If you’ve fallen behind on your credit card or mortgage payments, there’s a chance you’ll be contacted by a debt collection agency – a company responsible for collecting unpaid debts. This can be a stressful experience, but it helps if you understand how these agencies operate.
In this guide we’ll explore what debt collection agencies are, how they work, what powers debt collection agencies have in the UK, and how you can protect yourself if an agency gets in contact with you.
What powers do debt collection agencies have?Debt collection agencies don’t actually have special legal powers. They’re not officers of the court, so they can’t do anything different to your original creditors.
Debt collection agencies are companies who are brought in by your creditors – the people who owe money to – when you have failed to repay your debts.
If you have repeatedly failed to repay a debt, or your bills are overdue and you have ignored calls or emails from your creditors attempting to collect payment, they may decide to hire debt collectors to do the job on their behalf.
Debt collectors operate in one of two ways. The most common agencies are those who collect debts on behalf of a creditor, and get to keep a portion of the money raised – which could be anywhere between 25 and 50% of the total fee.
The other type of debt collectors are essentially debt buyers. Their business model is to buy entire debt portfolios from creditors who don’t believe they’ll get their money back. The agency will then attempt to collect those debts for a profit.
Because they only make money when your debt is paid, they can be very persistent when it comes to the debt collection process. There are a few debt collection agencies who are authorised and regulated by the Financial Conduct Authority (FCA), but sadly, some prefer to test the boundaries of what’s appropriate.
The debt collection process in the UK usually involves three main stages: Being contacted in writing about outstanding debts, being given the opportunity to repay what you owe, and facing the possibility of legal action.
We explore each stage of the process in more detail below.
Debt collection agencies will typically contact you in writing before making a debt collection claim, to notify you of unpaid debts. This may then be followed by phone calls asking you to repay what you owe.
Once debt collection agencies have notified you in writing, and potentially contacted you over the phone, you will be given the opportunity to repay the debts owed. They’ll usually offer you the chance to repay what you owe through a structured payment plan, rather than all at once.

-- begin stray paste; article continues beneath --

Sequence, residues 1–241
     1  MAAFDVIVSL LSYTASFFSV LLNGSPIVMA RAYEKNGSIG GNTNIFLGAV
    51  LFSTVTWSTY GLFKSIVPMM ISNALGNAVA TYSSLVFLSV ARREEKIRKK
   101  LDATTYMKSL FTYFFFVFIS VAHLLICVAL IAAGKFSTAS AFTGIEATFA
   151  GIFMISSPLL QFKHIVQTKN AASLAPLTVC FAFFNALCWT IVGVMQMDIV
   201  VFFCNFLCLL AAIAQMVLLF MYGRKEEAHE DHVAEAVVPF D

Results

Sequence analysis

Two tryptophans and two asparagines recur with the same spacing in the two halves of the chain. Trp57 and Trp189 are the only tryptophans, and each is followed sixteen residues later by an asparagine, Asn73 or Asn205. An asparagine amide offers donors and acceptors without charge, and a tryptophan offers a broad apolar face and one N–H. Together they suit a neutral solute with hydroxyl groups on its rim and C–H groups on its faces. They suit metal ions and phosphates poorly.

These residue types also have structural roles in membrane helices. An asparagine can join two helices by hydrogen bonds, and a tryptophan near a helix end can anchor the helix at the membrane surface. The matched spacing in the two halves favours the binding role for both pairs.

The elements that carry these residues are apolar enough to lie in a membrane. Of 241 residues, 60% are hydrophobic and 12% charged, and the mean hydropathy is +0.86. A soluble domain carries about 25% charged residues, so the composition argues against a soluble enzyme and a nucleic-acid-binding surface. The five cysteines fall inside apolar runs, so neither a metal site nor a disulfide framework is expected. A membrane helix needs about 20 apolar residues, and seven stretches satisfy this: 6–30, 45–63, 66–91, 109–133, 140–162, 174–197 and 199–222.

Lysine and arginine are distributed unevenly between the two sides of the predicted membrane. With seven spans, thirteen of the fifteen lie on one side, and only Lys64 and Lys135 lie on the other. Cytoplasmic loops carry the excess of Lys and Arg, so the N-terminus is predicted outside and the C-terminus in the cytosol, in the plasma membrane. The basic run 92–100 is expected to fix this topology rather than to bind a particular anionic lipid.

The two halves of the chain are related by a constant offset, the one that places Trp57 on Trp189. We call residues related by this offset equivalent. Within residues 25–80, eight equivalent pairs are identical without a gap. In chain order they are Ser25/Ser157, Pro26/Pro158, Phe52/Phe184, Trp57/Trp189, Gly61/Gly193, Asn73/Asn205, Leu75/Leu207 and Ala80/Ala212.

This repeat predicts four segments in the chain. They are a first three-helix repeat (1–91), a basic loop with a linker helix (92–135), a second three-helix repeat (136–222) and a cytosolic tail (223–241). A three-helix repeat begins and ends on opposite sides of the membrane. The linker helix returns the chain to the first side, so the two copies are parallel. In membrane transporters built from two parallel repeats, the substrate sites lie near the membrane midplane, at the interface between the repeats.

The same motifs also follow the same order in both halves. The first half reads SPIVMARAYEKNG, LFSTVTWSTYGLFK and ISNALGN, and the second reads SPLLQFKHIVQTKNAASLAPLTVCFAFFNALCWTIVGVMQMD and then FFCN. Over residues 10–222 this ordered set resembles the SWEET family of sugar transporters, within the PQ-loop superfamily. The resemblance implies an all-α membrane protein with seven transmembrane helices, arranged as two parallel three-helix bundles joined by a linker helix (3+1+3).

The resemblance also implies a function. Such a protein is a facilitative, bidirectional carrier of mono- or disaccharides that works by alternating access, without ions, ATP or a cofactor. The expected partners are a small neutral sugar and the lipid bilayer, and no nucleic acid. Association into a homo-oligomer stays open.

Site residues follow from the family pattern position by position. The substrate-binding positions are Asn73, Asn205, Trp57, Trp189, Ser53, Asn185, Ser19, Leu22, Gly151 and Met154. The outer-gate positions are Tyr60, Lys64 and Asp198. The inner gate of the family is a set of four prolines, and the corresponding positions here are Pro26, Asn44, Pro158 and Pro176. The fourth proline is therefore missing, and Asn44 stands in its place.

If you choose not to repay your debts, or are in dispute over the money owed, you may be threatened with legal action. Collection agencies can apply for court orders like County Court Judgements (CCJs) that will order to repay the amount owed, or you may face more serious consequences.
If a debt collection agent attempts to force entry into your home, you are within your rights to ask them to leave.
While being pursued by a debt collection service can be uncomfortable, it’s important to remember that they don’t have any special legal powers. They’re actions are limited to:
While it’s possible that an agency will pursue legal action against you, you can stop the process in it’s tracks by contacting them and letting them know you’re willing to pay back what you can afford.
When you’re dealing with a debt collection agency, UK laws and restrictions apply. There are certain activities debt collection agencies aren’t allowed to engage in.
While a collect agency might contact you by writing, phone call, or even text in order to collect a debt, they can’t do so repeatedly. If you are being bombarded with messages, or a debt collector contacts you outside the hours you deem appropriate, this is considered harassment.
Similar to the above, UK debt collection agencies aren’t allowed to contact your friends and family. They are only allowed to be in direct contact with the person who owes the debt, so if they’re harassing your family over money you owe, they’re overstepping the mark.